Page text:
These open comparisons between different IMCS preparations have not shown any definite advantage of one preparation over the others ( 12, 17, 18). As a pure slow-release formulation has shown a relatively quick onset of action within a few days, it is theoretically difficult to find a rationale for adding a quickly absorbed compound.
Comparison between SCS and INCS
In the study of Laursen et al. ( 5), a third arm with intranasal beclomethasone dipropionate (200 μg b.i.d.) was added. Remarkably, the INCS was not better than placebo, and, consequently, it was significantly worse than IMCS treatment. This unexpected result may be explained by the low number of patients in each group (n=9–11), or by the device used (an aerosol with a very short nozzle).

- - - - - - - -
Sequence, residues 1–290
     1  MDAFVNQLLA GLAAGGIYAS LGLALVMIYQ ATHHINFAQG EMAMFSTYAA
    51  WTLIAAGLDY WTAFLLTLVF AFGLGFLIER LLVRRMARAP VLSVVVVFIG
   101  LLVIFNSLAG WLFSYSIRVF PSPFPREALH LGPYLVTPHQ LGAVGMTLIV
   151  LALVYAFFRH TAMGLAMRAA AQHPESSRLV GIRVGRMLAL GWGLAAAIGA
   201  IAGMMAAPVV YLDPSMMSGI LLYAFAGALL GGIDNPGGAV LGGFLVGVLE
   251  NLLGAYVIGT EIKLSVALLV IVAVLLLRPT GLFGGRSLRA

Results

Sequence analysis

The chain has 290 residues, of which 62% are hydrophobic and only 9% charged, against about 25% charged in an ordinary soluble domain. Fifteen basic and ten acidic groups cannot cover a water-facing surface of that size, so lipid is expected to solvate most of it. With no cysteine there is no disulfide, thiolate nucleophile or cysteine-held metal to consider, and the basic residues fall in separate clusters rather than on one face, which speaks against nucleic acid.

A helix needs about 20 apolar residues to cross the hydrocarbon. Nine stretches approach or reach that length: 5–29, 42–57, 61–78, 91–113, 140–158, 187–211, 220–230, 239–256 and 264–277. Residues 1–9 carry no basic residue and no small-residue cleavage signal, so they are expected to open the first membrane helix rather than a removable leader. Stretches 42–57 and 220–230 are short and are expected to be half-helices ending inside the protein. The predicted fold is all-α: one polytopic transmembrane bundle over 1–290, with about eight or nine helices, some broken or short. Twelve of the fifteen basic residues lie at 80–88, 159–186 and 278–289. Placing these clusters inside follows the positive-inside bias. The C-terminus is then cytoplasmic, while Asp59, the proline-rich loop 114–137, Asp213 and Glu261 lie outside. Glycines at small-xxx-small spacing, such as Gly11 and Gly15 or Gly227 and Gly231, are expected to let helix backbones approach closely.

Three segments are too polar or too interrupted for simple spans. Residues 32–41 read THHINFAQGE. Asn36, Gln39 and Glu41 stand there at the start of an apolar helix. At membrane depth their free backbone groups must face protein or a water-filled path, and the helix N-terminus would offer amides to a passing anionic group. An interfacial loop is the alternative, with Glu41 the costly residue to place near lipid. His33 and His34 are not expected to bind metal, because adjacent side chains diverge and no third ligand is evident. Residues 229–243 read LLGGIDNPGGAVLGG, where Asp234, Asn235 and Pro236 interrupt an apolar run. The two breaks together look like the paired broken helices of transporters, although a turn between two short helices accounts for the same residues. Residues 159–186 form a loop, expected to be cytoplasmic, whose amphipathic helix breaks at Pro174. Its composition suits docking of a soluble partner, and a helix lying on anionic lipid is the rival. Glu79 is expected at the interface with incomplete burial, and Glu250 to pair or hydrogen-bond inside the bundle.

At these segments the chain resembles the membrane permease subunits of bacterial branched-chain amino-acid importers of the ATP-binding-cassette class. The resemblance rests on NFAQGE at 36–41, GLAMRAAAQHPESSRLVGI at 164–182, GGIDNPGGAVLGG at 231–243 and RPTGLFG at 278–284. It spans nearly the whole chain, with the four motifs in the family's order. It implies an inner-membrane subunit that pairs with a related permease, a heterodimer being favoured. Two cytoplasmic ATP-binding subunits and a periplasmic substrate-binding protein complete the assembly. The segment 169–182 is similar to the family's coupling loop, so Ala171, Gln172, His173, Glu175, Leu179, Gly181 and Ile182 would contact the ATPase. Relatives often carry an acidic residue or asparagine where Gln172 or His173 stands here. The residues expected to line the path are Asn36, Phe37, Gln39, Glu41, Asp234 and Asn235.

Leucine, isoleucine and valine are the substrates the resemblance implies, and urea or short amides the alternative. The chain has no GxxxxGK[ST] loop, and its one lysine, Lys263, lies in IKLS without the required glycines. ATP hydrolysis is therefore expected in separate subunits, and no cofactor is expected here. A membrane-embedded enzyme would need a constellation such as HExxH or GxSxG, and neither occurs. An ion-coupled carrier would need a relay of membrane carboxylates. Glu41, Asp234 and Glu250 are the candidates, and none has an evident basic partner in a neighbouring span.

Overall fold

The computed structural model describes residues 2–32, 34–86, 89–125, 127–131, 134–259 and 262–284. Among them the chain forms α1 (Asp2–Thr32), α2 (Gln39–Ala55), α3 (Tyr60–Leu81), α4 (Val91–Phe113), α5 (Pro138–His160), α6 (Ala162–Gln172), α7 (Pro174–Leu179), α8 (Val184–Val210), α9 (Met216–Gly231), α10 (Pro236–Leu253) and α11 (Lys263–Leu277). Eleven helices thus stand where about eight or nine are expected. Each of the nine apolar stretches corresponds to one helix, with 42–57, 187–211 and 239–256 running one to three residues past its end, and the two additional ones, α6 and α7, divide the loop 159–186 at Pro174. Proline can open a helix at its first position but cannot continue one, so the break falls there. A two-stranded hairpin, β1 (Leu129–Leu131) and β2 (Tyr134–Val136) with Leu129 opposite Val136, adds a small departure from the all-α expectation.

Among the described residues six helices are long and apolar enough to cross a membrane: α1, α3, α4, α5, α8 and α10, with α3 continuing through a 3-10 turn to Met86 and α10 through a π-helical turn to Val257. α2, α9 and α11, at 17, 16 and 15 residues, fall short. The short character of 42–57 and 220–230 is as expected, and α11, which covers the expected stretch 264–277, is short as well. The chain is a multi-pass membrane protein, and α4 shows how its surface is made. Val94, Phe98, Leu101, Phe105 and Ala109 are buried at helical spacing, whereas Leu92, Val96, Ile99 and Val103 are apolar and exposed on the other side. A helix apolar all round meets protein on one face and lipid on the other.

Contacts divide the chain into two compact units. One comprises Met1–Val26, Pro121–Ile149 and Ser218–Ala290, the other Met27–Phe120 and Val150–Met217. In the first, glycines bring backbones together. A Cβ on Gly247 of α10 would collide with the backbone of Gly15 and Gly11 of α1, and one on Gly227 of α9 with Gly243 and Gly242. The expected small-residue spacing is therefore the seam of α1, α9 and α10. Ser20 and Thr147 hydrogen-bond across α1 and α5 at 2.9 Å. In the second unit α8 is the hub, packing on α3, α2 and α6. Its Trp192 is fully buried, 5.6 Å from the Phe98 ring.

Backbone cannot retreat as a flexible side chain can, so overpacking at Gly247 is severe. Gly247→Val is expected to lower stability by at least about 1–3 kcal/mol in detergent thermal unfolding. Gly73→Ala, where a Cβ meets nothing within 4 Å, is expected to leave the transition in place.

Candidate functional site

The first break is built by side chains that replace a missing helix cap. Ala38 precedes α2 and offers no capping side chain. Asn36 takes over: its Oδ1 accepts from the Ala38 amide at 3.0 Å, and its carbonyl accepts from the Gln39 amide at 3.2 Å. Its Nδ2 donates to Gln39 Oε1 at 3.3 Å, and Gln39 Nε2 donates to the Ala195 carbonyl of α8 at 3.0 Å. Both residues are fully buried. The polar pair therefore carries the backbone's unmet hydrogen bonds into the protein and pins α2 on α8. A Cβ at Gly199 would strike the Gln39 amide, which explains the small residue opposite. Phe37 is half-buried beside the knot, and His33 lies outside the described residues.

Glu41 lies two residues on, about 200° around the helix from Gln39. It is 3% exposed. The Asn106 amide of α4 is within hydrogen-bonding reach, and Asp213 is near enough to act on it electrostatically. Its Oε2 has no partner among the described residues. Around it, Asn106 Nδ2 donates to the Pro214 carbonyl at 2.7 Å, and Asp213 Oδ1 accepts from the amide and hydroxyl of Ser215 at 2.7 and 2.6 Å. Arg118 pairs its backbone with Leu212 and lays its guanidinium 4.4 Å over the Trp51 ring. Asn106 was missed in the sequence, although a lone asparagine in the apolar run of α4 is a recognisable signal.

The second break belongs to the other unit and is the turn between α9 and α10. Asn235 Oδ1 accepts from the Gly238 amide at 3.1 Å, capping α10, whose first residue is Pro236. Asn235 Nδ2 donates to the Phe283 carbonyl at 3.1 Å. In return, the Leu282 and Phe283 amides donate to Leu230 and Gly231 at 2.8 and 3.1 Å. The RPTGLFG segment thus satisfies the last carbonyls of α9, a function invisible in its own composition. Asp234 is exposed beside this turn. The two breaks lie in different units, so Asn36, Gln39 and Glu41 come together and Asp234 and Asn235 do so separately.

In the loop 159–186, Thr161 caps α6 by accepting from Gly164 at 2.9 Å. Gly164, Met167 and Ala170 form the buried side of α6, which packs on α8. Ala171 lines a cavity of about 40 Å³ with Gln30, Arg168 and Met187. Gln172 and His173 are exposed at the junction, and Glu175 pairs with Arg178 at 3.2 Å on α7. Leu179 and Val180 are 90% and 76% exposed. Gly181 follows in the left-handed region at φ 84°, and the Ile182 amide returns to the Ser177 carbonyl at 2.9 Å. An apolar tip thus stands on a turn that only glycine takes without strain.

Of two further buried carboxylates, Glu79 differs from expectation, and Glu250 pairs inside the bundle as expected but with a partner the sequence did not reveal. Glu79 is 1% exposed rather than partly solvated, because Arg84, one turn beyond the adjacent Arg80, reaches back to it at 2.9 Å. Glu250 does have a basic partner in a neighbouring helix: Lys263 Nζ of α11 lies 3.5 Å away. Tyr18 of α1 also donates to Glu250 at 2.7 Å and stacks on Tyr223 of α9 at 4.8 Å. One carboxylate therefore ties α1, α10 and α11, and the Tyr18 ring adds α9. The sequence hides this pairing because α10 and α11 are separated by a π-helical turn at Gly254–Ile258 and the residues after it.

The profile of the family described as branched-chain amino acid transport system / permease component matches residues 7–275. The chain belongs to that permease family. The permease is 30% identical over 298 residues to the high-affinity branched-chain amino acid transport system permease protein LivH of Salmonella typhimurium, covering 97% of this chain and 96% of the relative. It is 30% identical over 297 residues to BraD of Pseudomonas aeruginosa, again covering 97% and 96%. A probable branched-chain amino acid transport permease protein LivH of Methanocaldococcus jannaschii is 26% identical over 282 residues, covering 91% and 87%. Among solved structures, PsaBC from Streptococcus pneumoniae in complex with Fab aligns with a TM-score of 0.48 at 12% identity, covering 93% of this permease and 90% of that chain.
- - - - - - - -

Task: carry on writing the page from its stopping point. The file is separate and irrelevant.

Pichler et al. ( 15) compared the effect of IMCS with INCS in a double-dummy study. They gave either an injection of methylprednisolone acetate 80 mg or intranasal budesonide for 3 weeks (200 μg b.i.d.) to 30 grass-pollen-allergic patients. There was no difference between the two therapies in nasal blockage, but there was a trend in favor of the topical treatment for sneezing and rhinorrhea (only significant when related to certain pollen counts).
These two comparative studies between IMCS and INCS have given equivocal results ( 5, 15). This type of comparison may not be very relevant, as a local treatment is recommended as first-line therapy for rhinitis ( 1). It is amazing that no study has addressed the important question of whether SCS can add to the effect of an inadequate topical therapy. Perhaps a doubling of the INCS dosage is just as effective. Controlled studies are highly warrented.
Comparison between IMCS and immunotherapy